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Japan Meets the West: A Case Study of Perceptions

Japan Meets the West: A Case Study of Perceptions

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Comprehensive Unit
78 pages
Grade Level: Middle School – High School
Includes curriculum unit + images on CD-ROM

All people see the world through the cultural lenses of their own society. It takes a good deal of effort to see the world (or ourselves) from the perspective of another nation or ethnic group. Just as our eyes often play tricks on us, so our cultural assumptions often blind us to the richness of other ways of life, and keep us from examining ourselves objectively.

An excellent way to reach a realization of how cultural assumptions affect our perceptions of the world is to consider how cultures have perceived/misperceived one another in the past. The case of historical contact between Japan and the West provides a wealth of materials for the study of intercultural misunderstanding and conflict. We live in an age when it is more important than ever to recognize and go beyond such misunderstanding.

As Huston Smith put it,

We live in a fantastic century...We hear on all sides that East and West are meeting, but it is an understatement. They are being flung at one another with the force of atoms, the speed of jets, the restlessness of minds impatient to learn of ways that differ from their own. From the perspective of history, this may prove to be the most important fact about the twentieth century. When historians look back upon our years they may remember them...as the time in which all peoples of the world first had to take one another seriously.

No special knowledge of Japanese history is required to teach this unit; sufficient background materials are provided. What is required is an enthusiastic willingness to explore other cultures and the issue of perceptions and misperceptions.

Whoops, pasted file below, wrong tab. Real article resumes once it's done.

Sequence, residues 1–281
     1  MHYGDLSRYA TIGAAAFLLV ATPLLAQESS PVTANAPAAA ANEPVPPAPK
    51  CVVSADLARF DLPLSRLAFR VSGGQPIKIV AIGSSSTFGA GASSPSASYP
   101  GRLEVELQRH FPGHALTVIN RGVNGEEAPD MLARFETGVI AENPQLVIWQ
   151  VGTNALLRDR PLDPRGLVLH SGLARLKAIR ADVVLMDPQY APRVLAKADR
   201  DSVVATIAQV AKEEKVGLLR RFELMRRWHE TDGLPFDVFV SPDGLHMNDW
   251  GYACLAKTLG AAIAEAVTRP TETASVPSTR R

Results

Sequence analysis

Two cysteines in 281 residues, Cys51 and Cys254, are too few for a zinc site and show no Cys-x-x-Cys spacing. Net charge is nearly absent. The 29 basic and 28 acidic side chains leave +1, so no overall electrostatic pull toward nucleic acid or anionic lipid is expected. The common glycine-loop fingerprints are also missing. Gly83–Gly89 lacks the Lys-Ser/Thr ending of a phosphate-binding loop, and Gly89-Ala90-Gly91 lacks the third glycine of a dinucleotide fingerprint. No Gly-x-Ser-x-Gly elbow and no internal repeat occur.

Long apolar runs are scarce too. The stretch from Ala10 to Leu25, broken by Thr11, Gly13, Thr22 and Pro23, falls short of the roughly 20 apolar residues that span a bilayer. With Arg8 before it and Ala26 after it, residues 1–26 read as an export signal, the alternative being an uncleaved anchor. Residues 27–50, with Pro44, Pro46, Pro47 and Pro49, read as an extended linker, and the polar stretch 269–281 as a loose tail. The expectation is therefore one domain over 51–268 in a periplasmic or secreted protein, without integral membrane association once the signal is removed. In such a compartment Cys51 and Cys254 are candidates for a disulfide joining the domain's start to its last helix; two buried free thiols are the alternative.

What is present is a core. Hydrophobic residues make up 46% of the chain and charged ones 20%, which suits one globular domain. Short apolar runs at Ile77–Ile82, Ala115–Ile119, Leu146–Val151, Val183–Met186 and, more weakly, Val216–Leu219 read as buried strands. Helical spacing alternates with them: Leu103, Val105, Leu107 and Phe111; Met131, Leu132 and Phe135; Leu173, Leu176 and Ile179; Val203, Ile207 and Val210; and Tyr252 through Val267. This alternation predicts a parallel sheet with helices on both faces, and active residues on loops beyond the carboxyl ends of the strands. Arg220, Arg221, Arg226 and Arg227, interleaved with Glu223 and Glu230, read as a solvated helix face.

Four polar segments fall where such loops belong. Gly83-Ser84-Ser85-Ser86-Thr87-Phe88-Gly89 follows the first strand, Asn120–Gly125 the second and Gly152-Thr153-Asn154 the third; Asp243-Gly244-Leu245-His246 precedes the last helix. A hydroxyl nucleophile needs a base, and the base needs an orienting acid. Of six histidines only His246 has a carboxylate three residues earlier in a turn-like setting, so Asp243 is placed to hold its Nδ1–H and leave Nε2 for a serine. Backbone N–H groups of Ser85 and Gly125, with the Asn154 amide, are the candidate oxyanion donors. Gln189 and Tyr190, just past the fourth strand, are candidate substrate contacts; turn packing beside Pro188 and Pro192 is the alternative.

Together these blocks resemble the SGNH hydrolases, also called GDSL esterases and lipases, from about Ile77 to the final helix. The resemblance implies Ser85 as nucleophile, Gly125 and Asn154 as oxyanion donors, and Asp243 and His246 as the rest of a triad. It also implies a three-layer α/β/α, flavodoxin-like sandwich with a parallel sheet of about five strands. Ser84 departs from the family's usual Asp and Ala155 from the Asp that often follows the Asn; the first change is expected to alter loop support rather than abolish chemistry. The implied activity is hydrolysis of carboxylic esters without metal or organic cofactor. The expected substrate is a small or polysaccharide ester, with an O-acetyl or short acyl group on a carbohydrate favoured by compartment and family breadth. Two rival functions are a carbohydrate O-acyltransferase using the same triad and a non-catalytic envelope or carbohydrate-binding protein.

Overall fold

Unit Goals


  • to define and use the following concepts: perception/misperception, optical illusion (visual and cultural), generalization, stereotype, image, barbarian vs. civilized, ethnocentrism
  • to understand issues related to perception and stereotyping through optical illusions and a case study
  • to trace patterns of interaction between Japan and the West from the 16th–19th centuries and develop a working knowledge of Japanese history during this time
  • to describe the manner in which Westerners were portrayed by some Japanese artists (16th–19th centuries) and compare these portrayals to the images of Japanese held by Westerners during the same time period by reading and interpreting primary source materials
  • to apply lessons regarding perceptions to contemporary problems between Japan and the U.S., or between ethnic groups in the United States
  • to identify their own perceptions of Japanese people and compare these to the historical study of mutual images


  • to become familiar with a nonwestern historical and artistic tradition which may be compared to the Western equivalent
  • to examine the notion of ethnocentrism by analyzing the case study provided
  • this may then be applied to other historical and contemporary examples in order to improve our "cultural vision" by seeing the world through the eyes of another culture
  • to become aware of their own cultural biases and thereby become more tolerant of other ways of life by reassessing what it is to be "civilized"
  • to appreciate how art reflects perceptions of the artist and, in turn, of the surrounding society
  • to explore possible cultural universals regarding the expression of emotion, standards of beauty, morality, belief systems and values


  • to define and distinguish between fact, inference and opinion, and between objective fact and perception (reality and perception of reality)
  • to develop a critical awareness of visual and cultural perception (via optical illusions) in an effort to understand that things are not always what they seem
  • to make observations concerning life for Westerners in Japan in the 16th–19th centuries by interpreting slides of Japanese artists; views of Westerners and critically reading diary excerpts of Western authors
  • to learn to integrate knowledge gained from various sources in an effort to compare Japanese and European views of each other during a given historical period
  • to refine their discussion skills through serious consideration of questions pertaining to a slide presentation and primary source readings
  • to synthesize what they have learned concerning perception in general and the case study of Japan vs. the West in particular, and be able to apply this knowledge to other cases—on a personal, national, and international level